Given that the Republican Party prides itself on being the “pro-life” party, you might think it would be doing everything in its power to save lives from leading causes of death — like guns, for example. That’s what “pro-life” means, right?
Wrong. The GOP may be experiencing an identity crisis in the post-Trump era, but two things remain constant: opposing measures to save lives from gun violence and stoking fears of brown and Black people to animate the party's overwhelmingly white base.
This GOP cocktail of guns and racism is playing out in front of us right now as the country deals with two horrific mass shootings in the past week that took a total of 18 lives: the first in Atlanta on March 16 and the latest in Boulder, Colorado, on Monday.
In 2020, our nation saw a horrific roughly 25 percent increase in deaths due to gun violence when compared to 2019, with at least 19,380 lives lost, according to the Gun Violence Archive. This includes a nearly 50 percent increase in mass shootings — defined as when four or more people are killed or injured in a shooting — to over 600 incidents. (Mass shootings in public places not surprisingly went down.)
To House Republicans, "pro-life" seems to translate into being more concerned with people having access to guns than protecting lives, which they reminded us with three votes earlier this month.
On March 11, the Democratic-controlled House passed two bills designed to protect people from gun violence.
One measure, H.R. 8, would expand mandatory background checks — which currently are only required when a federally licensed gun dealer is the seller — to apply to all gun sales. The measure is intended to keep guns out of the hands of people with criminal records or a history of mental illness. Despite polling finding that more than 90 percent of Americans historically support universal background checks, of the 211 Republicans in the House, only eight voted in favor of H.R. 8.
The second bill would close the so-called Charleston loophole, which allows people to legally proceed with purchasing a gun if the background check is not completed within three days. This loophole allowed white supremacist Dylann Roof to legally purchase the gun he used to kill nine Black worshippers at the Emanuel African Methodist Episcopal Church in Charleston, South Carolina. Only two House Republicans supported this measure.
To go by the GOP's actions, “pro-life” also translates into pro-oppression of women, which we saw play out through the recently signed Arkansas law that prohibits a person from getting an abortion if they become pregnant by rape.
Despite polling finding that more than 90 percent of Americans historically support universal background checks, of the 211 Republicans in the House, only eight voted in favor of H.R. 8.
And last week — literally the day after a man allegedly killed seven women in the Atlanta area because he wanted to end the “temptation” they posed to his so-called sex addiction — the House took up reauthorizing the Violence Against Women Act that had expired in 2019. The bill included a provision to close what is known as the “boyfriend loophole,” which would expand the current prohibition on spouses and ex-spouses from buying a gun if convicted of domestic violence to include ex-partners. (to be clear, although the Atlanta suspect targeted women, he has not been convicted of domestic violence.)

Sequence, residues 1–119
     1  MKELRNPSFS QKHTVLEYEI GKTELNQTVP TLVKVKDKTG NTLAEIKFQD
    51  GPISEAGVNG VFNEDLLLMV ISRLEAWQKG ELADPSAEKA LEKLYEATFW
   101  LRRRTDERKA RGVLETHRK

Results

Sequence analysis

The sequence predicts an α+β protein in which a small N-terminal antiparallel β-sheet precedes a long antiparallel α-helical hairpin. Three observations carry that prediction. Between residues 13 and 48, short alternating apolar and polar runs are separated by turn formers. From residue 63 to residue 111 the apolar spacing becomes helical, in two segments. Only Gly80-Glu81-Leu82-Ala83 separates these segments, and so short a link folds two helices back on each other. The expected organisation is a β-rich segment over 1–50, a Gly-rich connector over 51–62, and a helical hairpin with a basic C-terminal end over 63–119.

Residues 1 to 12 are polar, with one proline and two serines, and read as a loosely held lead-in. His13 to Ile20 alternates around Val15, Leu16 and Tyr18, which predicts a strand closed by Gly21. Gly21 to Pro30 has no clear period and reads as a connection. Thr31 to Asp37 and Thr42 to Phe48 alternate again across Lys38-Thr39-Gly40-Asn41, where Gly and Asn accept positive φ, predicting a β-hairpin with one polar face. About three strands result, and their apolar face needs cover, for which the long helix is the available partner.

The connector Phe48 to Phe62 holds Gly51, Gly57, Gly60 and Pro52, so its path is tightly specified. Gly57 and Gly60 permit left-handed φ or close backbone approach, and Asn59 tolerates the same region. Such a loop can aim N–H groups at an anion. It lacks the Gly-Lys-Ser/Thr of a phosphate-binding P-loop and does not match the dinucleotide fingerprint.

Given that around three women are killed in our country daily by intimate partners and that abusers with access to firearms are five times more likely to kill a woman they attack, this should have been a measure with broad support. But 172 House Republicans voted no on the VAWA primarily because in their view it would infringe on a man’s right to buy a gun.
One thing the GOP has been hyperfocused on is the crisis at the border, with an influx of migrant children seeking asylum. This is a humanitarian issue that desperately needs to be addressed. But judging from recent events, it looks like the GOP’s goal is to use human suffering to gin up fears of migrants to score political points.
House Minority Leader Kevin McCarthy, of California, on March 15 visited the border, where he warned that people on the terror watchlist were trying to sneak over the border. At the time, McCarthy provided no concrete evidence to back up his claim.
On March 16, Axios reported that a Customs and Border Protection representative told Congress that since Oct. 1, four people who had been arrested at the southern border “match names on the FBI’s Terrorist Screening Database.” No information has been provided about whether those people were apprehended under the Trump or Biden administrations or if they were actually the people on the terror watchlist or merely had similar names.
Earlier in March, Texas Gov. Greg Abbott claimed that migrants crossing the border were spreading Covid-19, invoking an age-old trope used by bigots that insinuates that immigrants bring disease. As the Associated Press noted, however, there’s no evidence backing up Abbott’s claim.
While tireless in their efforts to build fear of migrants, the Republican Party is ignoring the very real deadly threat posed to Americans every day by gun violence. Every single day in the United States, more than 100 people are shot and killed. That means tomorrow over 100 Americans will die, and the day after another 100 will die, as a result of gun violence. On average, five of those people killed each day will be children.
The GOP is a lot of things. But pro-human life isn’t one of them. It has, time and time again, shown far more concern about stoking hate for minorities than it has for saving lives from gun violence. But how many more Americans need to die from gun violence before the GOP actually becomes “pro-life”?